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moody

[moo-dee] /ˈmu di/
adjective, moodier, moodiest.
1.
given to gloomy, depressed, or sullen moods; ill-humored.
2.
proceeding from or showing such a mood:
a moody silence.
3.
expressing or exhibiting sharply varying moods; temperamental.
Origin of moody
900
before 900; Middle English mody, Old English mōdig. See mood1, -y1
Related forms
moodily, adverb
moodiness, noun
unmoody, adjective
Synonyms
1. sulky, morose, brooding; glowering.
Dictionary.com Unabridged
Based on the Random House Dictionary, © Random House, Inc. 2017.
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Examples from the Web for moodily
Historical Examples
  • "I am many years older than Maltravers," muttered Vargrave, moodily.

    Alice, or The Mysteries, Complete Edward Bulwer-Lytton
  • "I wish dad wasn't so—" began Wally moodily, and let it go at that.

    Good Indian B. M. Bower
  • "I never lifted a finger to get them," said Arthur, moodily.

    The Coryston Family Mrs. Humphry Ward
  • "She gave me a knife my last birthday," said Edward, moodily, never budging.

    The Golden Age Kenneth Grahame
  • “All I know is, he served in Algiers,” said Mauville, moodily.

    The Strollers Frederic S. Isham
  • “Drive back and you will laugh at me,” he retorted, moodily.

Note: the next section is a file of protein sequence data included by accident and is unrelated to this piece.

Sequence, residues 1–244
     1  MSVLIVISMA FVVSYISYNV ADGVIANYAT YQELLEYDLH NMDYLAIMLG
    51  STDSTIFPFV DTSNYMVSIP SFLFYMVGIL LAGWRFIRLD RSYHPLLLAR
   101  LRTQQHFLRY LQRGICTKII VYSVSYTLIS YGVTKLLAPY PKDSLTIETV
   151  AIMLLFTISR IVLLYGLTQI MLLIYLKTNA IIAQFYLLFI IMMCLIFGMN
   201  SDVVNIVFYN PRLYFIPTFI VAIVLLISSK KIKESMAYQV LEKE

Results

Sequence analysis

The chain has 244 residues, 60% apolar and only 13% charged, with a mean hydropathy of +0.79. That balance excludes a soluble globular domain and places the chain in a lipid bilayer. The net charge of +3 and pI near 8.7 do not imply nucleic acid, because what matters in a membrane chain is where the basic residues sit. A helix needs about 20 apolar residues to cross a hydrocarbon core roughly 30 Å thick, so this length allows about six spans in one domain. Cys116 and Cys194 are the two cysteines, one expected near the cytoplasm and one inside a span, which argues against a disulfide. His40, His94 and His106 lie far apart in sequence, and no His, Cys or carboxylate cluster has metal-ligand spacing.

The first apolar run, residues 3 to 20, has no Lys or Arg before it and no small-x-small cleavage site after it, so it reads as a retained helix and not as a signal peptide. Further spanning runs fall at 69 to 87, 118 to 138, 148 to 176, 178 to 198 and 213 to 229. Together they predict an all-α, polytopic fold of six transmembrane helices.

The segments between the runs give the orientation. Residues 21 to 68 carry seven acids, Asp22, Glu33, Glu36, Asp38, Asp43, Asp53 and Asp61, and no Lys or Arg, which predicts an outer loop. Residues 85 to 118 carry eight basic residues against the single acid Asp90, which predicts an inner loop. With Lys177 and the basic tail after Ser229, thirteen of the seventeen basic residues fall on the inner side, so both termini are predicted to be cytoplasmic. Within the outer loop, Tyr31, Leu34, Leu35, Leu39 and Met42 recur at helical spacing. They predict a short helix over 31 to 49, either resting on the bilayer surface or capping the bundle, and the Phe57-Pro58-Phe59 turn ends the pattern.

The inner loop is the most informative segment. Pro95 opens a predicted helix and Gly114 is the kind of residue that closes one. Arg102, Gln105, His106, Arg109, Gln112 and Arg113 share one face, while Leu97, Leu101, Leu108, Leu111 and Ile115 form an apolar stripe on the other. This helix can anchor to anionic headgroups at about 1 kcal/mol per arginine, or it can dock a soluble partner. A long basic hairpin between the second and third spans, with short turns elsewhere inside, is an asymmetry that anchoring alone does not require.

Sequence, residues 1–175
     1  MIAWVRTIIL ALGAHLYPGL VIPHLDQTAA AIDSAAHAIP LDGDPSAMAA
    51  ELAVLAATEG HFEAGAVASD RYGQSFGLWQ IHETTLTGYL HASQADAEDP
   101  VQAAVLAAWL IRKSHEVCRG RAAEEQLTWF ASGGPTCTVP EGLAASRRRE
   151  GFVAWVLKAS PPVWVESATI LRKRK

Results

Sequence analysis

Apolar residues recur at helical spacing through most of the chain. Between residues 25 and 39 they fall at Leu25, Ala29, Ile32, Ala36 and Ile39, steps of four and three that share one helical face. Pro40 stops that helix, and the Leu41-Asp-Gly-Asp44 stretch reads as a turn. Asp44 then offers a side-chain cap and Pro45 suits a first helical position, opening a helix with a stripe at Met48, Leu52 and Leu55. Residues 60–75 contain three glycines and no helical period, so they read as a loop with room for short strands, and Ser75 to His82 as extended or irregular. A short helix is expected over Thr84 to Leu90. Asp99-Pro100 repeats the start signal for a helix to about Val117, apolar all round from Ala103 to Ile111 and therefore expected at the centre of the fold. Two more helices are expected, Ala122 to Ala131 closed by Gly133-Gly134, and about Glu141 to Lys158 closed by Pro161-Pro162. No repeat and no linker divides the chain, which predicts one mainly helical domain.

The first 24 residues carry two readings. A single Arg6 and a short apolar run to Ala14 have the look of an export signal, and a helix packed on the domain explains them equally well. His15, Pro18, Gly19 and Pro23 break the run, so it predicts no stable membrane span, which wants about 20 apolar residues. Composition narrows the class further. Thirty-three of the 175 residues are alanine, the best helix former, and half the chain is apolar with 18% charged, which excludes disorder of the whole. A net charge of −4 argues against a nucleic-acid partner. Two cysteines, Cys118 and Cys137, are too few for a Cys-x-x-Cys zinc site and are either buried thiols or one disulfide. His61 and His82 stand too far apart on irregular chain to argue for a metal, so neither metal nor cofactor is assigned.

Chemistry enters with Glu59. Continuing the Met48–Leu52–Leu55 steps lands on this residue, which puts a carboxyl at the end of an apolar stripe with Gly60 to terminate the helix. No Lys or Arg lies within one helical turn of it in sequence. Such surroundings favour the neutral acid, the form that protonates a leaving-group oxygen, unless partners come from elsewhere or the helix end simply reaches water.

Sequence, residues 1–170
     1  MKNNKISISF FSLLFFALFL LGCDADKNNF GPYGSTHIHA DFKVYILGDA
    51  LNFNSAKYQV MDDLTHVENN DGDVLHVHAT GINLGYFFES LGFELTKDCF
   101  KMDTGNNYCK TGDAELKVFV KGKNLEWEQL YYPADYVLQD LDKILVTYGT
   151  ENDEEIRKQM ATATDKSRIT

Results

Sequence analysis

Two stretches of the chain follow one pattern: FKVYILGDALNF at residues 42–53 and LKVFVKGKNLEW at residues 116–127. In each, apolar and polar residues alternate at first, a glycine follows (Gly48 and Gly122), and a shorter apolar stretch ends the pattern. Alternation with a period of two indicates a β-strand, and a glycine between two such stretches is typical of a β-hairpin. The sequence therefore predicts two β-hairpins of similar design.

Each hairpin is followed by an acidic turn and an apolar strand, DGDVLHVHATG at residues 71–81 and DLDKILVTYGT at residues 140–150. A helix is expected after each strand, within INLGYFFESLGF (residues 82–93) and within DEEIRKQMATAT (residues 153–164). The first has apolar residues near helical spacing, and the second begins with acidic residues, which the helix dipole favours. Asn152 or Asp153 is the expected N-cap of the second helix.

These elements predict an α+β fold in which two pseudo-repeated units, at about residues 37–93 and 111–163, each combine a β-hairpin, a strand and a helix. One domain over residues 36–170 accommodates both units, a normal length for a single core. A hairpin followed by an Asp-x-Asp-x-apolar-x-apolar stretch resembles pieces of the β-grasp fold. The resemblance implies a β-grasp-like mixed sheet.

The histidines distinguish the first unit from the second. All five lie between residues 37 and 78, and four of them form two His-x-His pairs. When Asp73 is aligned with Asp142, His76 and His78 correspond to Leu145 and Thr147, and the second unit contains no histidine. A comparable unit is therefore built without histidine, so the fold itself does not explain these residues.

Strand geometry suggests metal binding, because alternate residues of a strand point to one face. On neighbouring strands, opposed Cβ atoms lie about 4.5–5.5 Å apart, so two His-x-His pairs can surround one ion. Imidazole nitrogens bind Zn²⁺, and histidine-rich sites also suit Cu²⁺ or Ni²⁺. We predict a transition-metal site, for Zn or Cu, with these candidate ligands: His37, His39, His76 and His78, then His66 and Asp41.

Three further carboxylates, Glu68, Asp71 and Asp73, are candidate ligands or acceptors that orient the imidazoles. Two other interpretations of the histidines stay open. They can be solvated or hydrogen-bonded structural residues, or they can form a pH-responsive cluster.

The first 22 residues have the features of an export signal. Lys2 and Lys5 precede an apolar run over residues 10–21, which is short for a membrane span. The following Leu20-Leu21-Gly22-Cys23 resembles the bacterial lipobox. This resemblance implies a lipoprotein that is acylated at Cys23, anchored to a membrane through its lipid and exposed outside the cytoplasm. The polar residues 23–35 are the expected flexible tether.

The Strollers Frederic S. Isham
  • “He is playing the hero of a romance,” said the land baron, moodily.

    The Strollers Frederic S. Isham
  • "They're jolly enough down there," he commented at last, moodily.

    The Market-Place Harold Frederic
  • "I don't know—I'll see," Thorpe moodily repeated—and there was no more to be said.

    The Market-Place Harold Frederic
  • "I thought that was all settled and done with long ago," she said, moodily.

    The Market-Place Harold Frederic
British Dictionary definitions for moodily

moody

/ˈmuːdɪ/
adjective moodier, moodiest
1.
sullen, sulky, or gloomy
2.
temperamental or changeable
Derived Forms
moodily, adverb
moodiness, noun

Moody

/ˈmuːdɪ/
noun
1.
Dwight Lyman. 1837–99, US evangelist and hymnodist, noted for his revivalist campaigns in Britain and the US with I. D. Sankey
Collins English Dictionary - Complete & Unabridged 2012 Digital Edition
© William Collins Sons & Co. Ltd. 1979, 1986 © HarperCollins
Publishers 1998, 2000, 2003, 2005, 2006, 2007, 2009, 2012
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Word Origin and History for moodily

moody

adj.

Old English modig "brave, proud, high-spirited, impetuous, arrogant," from Proto-Germanic *modago- (cf. Old Saxon modag, Dutch moedig, German mutig, Old Norse moðugr); see mood (1) + -y (2). Meaning "subject to gloomy spells" is first recorded 1590s (via a Middle English sense of "angry").

Online Etymology Dictionary, © 2010 Douglas Harper
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moodily in Medicine

moody mood·y (mōō'dē)
adj. mood·i·er, mood·i·est

  1. Given to frequent changes of mood; temperamental.

  2. Subject to periods of depression; sulky.

  3. Expressive of a mood, especially a sullen or gloomy mood.

The American Heritage® Stedman's Medical Dictionary
Copyright © 2002, 2001, 1995 by Houghton Mifflin Company. Published by Houghton Mifflin Company.
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